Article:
Words: Izzy Copestake
Image: Enda Bowe, (Normal People, BBC)
Ireland is the loneliest country in the EU, and it’s Ireland’s youth who are suffering the consequences.
Lonely: a word usually associated with heartbreak, physical isolation, or old age. Not youth. We’re told youth is the freedom to fuck up a bit, fall in love, take risks, and ultimately use the precious time available with your mates before the responsibility of real adulthood sets in. Think Friends, or literally any Richard Curtis film where an inseparable gang of 20-somethings muddle from day-to-day, or relationship-to-relationship, without the price of simply getting by standing in their way. This ideal of youth, sold to us by pop culture and the nostalgia of older generations, has become just that: an ideal.
An EU study published this year found that young people are more at risk of loneliness than the elderly, with Ireland being the loneliest country overall. One in five people in Ireland feel this way, compared to the European average of 13%. Looking at the country in 2023, can we be entirely surprised? The euphoric chaos and connection attributed to youth seems like a distant hazy dream in the current economic climate, especially as socialising with your mates can mean watching in utter horror as €6.50 exits your account for a single pint of Guinness.
Love life aside, the cost of simply surviving in Ireland as a young person has threatened the most basic relief from loneliness: meeting up with friends. With many getting a second job, and others simply not having the funds to agree to an expensive pint or €4 flat white in town, the basic need to socialise has become a luxury many people cannot afford, or simply do not have the time to spare. Yes, there are free activities, but with so many people living in their parents homes and Ireland now entering the depths of winter, ask yourself: would you go for a lockdown-style baltic can in Phoenix Park just to see a mate?
“It’s very had to search for someone who’s warm and funny and spontaneous… you’re searching for someone who’s tall, or not, or 18-24, or lives in Mayo.”Cyberpsychologist Dr Nicola Fox Hamilton on online dating
Naturally, this means many people are staying in touch with their mates or dating via the only feasible free option out there: online. Speaking about the rise of online dating cyberpsychologist Dr. Nicola Fox Hamilton says the the seemingly large number of options available doesn’t actually fix the problem. ‘Actually, the research on the psychology of choices and decision making shows that having fewer options is actually better. We tend to be happier with our decisions, we think less about the trade-offs we had to make to make this decision. So 6 to 8 choices is actually the ideal, and when you think about something like Tinder, you have hundreds of choices. People end up seeing so many options and thinking, there might be somebody even better.’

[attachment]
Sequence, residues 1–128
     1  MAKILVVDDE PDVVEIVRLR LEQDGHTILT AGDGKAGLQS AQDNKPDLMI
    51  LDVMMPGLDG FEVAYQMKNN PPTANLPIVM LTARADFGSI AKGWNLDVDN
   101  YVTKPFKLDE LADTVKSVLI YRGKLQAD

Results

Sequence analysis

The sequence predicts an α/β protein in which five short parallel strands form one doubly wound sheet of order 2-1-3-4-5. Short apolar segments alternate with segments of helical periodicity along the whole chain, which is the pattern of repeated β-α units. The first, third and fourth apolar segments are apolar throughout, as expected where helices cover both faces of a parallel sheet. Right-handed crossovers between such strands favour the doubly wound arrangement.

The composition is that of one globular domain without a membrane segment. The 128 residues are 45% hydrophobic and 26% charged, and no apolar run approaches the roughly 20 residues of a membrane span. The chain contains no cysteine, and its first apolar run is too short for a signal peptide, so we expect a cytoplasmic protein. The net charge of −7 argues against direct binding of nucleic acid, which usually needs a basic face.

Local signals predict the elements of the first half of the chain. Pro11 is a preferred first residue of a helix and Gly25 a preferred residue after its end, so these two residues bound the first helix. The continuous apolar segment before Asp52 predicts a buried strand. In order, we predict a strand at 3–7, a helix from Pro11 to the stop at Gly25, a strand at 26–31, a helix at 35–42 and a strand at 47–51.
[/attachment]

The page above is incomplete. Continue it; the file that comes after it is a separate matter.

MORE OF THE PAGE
Unsurprisingly, this kind of dating has become infiltrated by the very thing that pushed people out of in-person dating and into the digital sphere: the economy. ‘This can also bring with it a shopping mentality, a consumer mentality, about yourself as well as other people. You can start looking at people with a checkbox list, a lot of the time you search for people on a dating site, it isn’t about these characteristics. It’s very hard to search for someone who’s warm and funny and spontaneous… you’re searching for someone who’s tall, or not, or 18-24, or lives in Mayo.’
The impact of an upbringing characterised by physical isolation can follow you, even after moving away for college. The heavy financial load this imposes, coupled with little or no foundation of school friends to rely on once the move is made, can make things tough. ‘I think the unique Irish culture of staying quite tethered to home whilst being in college also contributes to a struggle because people rely on their friendships from school a lot more.’
The growing number of lonely young people in Ireland is sad, but it’s also dangerous. The impact of chronic loneliness is thought to be worse for our health than smoking 15 cigarettes a day. It’s linked to dementia, cardiovascular disease, a short life span, and more obviously, depression and anxiety. What’s worse, is that over 1/4 of people feel shame about their loneliness. The stigma attached to feeling this during youth can exasperate the problem, forcing young people at risk to isolate themselves further. It’s deeply painful and physically unhealthy, but it’s also not your fault. Ireland’s youth loneliness epidemic has been festering for years, and as the cost of living soars, its reached crisis point
*Names have been changed